The purpose of a citation is to provide the reader with information to find the source of the author's facts or ideas.
A citation is a standard way to describe a published or unpublished source (book, journal article, chapter, website, figure, image, idea, etc.). This makes it easy to find the source and provides some consistency. They are found in bibliographies, reference and work cited lists at the end of articles and chapters in books.
A citation may look different depending on the work being cited or the citation style. Most citations consist of these common elements:
Angelou, Maya. A Brave and Startling Truth.
New York: Random, 1995.
Ray, Robert B. “How to Teach Cultural
Studies.” Studies in the Literary
Imagination 31.1 (1998) : 25-36
A DOI is a unique code assigned to a digital object (such as an article from a database) used for location and identification. You'll often see the DOI for an article listed on its first page. DOIs allow you to connect directly to a specific article, avoiding potential problems like broken links or missing URLs. To find the DOI for an article you're citing, use the Lookup link. To find an article from a DOI, use the DOI resolver.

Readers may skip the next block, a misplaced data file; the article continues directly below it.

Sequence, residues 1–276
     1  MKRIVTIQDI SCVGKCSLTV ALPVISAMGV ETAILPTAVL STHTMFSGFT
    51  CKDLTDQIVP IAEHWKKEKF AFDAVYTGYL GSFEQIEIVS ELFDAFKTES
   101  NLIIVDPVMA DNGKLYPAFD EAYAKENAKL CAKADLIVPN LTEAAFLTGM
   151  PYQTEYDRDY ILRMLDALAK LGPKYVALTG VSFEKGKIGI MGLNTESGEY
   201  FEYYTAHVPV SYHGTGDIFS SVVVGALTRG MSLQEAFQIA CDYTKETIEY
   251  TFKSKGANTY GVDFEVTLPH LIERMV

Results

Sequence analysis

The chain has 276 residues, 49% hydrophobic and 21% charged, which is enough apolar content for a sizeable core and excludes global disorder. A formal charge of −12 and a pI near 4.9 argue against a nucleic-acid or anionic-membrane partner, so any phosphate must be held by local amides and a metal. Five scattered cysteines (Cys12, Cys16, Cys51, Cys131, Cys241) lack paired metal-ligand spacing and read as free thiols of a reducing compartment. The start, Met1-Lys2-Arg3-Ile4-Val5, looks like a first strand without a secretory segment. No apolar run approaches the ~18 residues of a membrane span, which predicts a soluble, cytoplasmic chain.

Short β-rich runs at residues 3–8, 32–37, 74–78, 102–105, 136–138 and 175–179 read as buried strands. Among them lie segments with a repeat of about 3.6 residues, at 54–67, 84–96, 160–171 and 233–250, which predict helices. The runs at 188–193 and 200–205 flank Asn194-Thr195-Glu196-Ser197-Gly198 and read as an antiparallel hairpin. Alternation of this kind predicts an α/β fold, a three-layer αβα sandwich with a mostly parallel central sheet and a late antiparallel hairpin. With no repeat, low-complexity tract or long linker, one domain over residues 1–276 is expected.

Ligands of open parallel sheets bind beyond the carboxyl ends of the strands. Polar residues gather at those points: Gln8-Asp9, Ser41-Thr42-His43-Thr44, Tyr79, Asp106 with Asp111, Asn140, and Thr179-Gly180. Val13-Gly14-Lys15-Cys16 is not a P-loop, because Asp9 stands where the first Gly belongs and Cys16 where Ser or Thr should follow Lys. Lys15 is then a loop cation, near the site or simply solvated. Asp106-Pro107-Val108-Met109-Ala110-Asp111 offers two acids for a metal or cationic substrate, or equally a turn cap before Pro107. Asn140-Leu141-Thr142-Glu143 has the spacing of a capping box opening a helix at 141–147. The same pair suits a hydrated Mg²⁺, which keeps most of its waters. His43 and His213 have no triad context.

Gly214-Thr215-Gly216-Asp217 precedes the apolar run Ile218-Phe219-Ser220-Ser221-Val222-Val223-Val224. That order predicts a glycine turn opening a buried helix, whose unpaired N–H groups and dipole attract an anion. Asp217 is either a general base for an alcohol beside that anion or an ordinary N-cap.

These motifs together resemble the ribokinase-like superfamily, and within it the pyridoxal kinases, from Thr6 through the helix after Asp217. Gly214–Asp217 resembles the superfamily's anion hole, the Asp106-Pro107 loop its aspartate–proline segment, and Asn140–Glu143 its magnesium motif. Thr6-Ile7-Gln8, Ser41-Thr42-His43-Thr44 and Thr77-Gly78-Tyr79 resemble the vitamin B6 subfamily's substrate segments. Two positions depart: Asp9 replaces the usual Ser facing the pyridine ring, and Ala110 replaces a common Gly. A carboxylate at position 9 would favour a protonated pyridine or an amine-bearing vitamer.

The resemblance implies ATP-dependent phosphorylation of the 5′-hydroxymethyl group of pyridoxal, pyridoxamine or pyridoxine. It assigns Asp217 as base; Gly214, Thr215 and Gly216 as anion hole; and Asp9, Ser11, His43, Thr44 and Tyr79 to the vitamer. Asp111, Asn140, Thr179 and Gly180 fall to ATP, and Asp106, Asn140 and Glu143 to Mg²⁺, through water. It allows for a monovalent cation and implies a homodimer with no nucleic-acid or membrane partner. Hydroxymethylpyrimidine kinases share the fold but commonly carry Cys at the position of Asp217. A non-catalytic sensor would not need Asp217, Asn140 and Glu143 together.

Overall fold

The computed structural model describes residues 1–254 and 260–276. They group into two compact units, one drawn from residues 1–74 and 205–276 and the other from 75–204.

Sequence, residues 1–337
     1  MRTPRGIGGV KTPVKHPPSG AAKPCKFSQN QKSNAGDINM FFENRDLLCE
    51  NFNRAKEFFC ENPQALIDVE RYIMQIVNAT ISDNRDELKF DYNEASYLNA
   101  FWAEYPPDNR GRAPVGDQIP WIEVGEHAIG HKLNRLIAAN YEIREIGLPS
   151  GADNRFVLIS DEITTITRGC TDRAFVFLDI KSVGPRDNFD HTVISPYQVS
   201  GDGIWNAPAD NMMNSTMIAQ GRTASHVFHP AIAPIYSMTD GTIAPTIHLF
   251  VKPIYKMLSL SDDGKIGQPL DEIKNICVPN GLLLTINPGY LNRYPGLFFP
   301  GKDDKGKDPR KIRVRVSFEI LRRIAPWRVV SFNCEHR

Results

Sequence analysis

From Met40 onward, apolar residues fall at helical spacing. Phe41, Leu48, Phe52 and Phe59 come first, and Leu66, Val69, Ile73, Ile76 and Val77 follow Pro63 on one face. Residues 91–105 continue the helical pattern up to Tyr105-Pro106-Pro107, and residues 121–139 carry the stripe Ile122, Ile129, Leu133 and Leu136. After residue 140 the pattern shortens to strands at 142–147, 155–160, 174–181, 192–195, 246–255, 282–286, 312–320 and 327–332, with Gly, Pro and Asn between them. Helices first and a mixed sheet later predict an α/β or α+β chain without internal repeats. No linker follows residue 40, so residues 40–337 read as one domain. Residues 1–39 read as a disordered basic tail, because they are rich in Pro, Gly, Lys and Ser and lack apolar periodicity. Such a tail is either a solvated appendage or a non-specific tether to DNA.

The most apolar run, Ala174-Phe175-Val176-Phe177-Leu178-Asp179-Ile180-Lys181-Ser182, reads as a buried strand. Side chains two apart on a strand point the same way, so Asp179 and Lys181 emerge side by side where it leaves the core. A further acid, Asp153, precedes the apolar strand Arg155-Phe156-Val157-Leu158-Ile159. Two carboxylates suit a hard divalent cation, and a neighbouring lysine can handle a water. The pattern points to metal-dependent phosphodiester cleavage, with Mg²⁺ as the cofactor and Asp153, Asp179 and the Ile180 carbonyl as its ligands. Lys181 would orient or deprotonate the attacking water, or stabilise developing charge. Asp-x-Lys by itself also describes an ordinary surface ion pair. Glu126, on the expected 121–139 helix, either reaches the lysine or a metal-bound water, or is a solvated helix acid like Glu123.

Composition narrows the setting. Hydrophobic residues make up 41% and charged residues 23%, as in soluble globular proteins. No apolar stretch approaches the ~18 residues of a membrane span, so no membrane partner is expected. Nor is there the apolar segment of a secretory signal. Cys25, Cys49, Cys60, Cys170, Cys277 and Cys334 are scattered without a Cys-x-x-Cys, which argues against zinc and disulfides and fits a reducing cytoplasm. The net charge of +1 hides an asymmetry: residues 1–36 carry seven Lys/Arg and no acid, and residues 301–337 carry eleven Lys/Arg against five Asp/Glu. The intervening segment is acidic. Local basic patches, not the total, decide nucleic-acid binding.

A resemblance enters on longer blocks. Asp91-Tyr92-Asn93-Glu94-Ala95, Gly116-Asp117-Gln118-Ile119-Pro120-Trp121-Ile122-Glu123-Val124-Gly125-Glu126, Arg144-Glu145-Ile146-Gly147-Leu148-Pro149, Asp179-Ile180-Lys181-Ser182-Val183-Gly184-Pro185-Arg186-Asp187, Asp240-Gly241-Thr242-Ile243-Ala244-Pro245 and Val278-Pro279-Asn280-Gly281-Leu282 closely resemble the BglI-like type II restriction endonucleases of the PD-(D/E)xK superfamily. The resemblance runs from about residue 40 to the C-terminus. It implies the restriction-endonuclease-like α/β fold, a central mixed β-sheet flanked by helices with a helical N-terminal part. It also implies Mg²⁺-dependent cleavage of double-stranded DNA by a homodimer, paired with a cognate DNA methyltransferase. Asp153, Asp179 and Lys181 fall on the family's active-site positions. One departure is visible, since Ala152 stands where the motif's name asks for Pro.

Taken from the Student Guidebook to Resources and Citation - Pearson Publishing
1. Provide clear attribution of outside sources.
2. Identify all works and phrases taken from sources by enclosing them within quotation marks.
3. Follow all quotations, paraphrases, and summaries of outside sources with appropriate and complete citations.
4. Use your own words and sentence structure when you paraphrase.
5. Be certain that all summaries and paraphrases of your sources are accurate and objective.
6. Include all print and retrievable electronic sourcs in the References page that follows the body of your papers.
7. Provide documentation for all visual images, charts, and graphs from printed or electronic sources.